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Islam’s holy month of fasting, Ramadan is the ninth month of the Islamic calendar and marks the time when the Qur’an was revealed to the Prophet Muhammad, peace be upon him.
While the month is popularly associated with fasting from dawn ‘til dusk—a spiritually rewarding, if arduous practice—it’s only one facet of Ramadan, which is actually many Muslims’ favorite month.
Because Ramadan is tied to the lunar calendar, its exact date varies from year to year. What remains the same, however, is the excitement that Muslims around the world launch into the month with—particularly Muslim parents who can’t wait to create and share traditions with their children.
Community, tradition, and celebration are all a large part of the sacred month, with families gathering for the early morning meal, known as Suhoor, and the post-sunset meal, known as Iftar, to break their fasts together. And, of course, there are few days more exciting than the Eid-al-Fitr holiday marking the end of Ramadan, a time of new clothes, gifts, and delicious food with family and friends.
We spoke with Muslim parents to scope out ideas for their favorite ways to make the holiday even more special for their families. Here are nine ways to celebrate Ramadan with your kids.
1. Make Ramadan decorations
As a Muslim and mother of two children too young to fully understand Ramadan’s significance, one of my favorite parts of the holiday is decorating our place to make it feel extra special for them. It’s common to decorate your home with stars and crescent moons during the holy month.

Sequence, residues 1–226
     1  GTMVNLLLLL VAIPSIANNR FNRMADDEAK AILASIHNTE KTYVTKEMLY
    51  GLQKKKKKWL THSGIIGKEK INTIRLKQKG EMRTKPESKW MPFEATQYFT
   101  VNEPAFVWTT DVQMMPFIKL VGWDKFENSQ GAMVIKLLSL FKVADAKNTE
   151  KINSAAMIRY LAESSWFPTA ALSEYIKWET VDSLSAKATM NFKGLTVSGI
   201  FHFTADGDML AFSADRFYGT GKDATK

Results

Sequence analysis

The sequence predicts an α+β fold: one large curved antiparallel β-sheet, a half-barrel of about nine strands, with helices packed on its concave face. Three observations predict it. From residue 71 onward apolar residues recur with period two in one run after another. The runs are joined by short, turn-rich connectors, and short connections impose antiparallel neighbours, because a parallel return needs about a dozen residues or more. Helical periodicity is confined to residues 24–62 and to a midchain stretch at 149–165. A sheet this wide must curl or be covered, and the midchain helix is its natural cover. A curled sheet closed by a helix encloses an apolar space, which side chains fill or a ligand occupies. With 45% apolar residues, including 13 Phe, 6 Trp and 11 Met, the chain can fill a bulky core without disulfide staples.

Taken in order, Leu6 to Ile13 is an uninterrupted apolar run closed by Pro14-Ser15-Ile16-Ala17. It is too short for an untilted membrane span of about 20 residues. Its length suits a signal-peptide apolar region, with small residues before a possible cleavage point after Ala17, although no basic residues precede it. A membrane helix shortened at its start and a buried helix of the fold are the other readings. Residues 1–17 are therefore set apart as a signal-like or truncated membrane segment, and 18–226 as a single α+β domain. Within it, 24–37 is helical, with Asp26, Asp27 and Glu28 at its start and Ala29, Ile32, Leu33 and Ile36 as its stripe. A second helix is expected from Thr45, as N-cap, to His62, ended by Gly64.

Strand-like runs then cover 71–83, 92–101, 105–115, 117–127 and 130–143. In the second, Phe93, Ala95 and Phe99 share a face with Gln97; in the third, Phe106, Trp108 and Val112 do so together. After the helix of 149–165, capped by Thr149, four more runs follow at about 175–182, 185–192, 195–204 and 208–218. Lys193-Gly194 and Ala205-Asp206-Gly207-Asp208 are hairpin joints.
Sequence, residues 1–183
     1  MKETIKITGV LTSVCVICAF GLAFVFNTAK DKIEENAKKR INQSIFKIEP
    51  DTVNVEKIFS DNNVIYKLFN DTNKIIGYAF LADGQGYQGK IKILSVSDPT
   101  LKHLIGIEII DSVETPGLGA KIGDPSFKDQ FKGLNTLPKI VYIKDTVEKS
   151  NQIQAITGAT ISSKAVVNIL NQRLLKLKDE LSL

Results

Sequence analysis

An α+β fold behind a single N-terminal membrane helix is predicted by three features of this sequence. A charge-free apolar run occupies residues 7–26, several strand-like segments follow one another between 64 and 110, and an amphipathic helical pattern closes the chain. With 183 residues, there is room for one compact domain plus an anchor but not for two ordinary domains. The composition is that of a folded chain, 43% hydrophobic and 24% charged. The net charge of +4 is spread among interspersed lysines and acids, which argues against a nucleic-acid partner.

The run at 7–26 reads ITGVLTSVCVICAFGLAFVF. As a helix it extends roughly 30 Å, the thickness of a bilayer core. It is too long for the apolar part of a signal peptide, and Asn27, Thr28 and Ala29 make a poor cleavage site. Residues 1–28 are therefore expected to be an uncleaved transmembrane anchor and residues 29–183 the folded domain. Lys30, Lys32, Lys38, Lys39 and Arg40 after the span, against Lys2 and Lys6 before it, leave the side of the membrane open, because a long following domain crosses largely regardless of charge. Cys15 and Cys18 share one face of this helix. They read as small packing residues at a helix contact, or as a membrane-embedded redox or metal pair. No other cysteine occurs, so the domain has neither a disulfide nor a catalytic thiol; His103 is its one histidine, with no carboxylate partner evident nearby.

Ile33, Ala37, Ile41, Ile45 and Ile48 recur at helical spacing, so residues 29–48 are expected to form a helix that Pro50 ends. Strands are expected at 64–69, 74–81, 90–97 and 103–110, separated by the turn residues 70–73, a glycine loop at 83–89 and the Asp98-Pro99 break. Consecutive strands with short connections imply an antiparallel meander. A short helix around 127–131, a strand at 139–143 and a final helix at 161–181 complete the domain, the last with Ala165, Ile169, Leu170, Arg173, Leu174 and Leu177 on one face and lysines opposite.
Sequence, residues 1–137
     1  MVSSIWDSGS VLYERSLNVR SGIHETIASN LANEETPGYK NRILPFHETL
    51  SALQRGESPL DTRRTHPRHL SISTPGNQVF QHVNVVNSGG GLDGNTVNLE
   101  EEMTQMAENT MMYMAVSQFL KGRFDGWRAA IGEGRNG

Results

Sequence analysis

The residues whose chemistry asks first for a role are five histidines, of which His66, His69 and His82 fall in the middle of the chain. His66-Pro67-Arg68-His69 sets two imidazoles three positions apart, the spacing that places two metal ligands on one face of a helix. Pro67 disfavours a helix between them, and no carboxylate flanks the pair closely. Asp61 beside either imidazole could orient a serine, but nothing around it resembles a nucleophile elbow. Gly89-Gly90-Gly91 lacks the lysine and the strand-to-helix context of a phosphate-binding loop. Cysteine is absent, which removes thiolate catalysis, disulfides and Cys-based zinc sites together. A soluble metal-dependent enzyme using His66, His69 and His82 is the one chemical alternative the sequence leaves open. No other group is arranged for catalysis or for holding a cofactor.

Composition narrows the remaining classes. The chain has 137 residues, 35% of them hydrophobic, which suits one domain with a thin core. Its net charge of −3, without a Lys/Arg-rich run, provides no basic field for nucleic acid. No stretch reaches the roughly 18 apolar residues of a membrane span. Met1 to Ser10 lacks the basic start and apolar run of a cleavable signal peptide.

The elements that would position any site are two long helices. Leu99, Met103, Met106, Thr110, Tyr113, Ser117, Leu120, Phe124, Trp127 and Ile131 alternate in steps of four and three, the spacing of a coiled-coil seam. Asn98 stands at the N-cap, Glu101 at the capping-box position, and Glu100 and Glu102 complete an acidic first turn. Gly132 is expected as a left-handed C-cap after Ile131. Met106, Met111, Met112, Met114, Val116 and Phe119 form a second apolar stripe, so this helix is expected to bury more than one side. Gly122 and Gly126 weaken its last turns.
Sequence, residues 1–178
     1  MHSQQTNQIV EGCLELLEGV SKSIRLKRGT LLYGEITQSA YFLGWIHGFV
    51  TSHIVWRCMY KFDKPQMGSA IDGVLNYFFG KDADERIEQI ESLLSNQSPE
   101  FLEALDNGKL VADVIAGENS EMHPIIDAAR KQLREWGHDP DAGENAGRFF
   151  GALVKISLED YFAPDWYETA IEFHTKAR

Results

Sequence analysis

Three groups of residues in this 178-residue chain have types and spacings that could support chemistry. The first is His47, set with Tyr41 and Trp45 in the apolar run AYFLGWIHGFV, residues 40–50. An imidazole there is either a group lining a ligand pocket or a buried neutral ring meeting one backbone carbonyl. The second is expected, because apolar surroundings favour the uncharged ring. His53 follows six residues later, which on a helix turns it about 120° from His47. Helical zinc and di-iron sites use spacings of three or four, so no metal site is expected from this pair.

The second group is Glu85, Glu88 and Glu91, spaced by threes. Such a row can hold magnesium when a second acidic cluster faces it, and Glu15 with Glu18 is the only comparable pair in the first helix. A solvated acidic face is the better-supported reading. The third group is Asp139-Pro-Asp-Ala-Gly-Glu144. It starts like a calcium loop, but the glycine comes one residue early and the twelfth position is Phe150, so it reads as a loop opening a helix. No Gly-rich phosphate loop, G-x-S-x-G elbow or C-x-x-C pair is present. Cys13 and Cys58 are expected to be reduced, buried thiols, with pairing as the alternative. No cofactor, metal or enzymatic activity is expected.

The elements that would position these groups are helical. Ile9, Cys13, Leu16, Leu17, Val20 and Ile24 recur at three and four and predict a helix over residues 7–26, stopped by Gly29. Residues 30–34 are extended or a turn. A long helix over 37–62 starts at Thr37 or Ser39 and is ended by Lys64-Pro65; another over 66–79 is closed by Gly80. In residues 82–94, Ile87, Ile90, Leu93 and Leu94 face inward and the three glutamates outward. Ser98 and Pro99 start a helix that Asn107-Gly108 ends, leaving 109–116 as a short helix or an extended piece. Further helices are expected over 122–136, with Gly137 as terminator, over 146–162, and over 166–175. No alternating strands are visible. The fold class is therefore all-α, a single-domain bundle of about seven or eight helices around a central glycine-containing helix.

Yasmine Elashmawy, a mom of three in Ridgewood, New Jersey, has spent years gathering her decorations. “I bought stuff over the years: everything from crescent moons and stars to lanterns and lights. We light our lights every night at Maghrib prayer and have an advent calendar. Each night one of the kids opens the advent box to reveal a treat and Islamic tidbit that we discuss at our Iftar dinner.”
Razeena Omar Gutta also collects different pieces over the years. “We bring them all out and do it differently every year,” she shares. “We try to decorate the Iftar table a bit more than for a usual dinner. We pour zam zam in cute glasses for everyone to break their fast with.”
If your kids are the crafty type, rope them into the action by letting them arrange the decorations and lights, or by tasking them with creating paper chains to display. Or try one of the many beautiful artisan decorations on Etsy, such as hanging moon and stars lights.
2. Matching Ramadan pajamas
For Aya Khalil, a mother of three and author of The Arabic Quilt: An Immigrant Story, Ramadan traditions are particularly meaningful: she has a forthcoming children’s picture book called The Night Before Eid dedicated to special traditions for the holiday.
Among the many traditions her family enjoys—including Rice Krispy treats, sending cookies to neighbors and friends, and encouraging charity—they each wear special pajamas for Ramadan. “We do new matching Ramadan PJs every year! One for each kid,” Khalil says. “It gets them really excited and they open their Ramadan basket the night before Ramadan begins, which consists usually of Ramadan PJs, a book, and a treat like Ramadan shaped Rice Krispies.”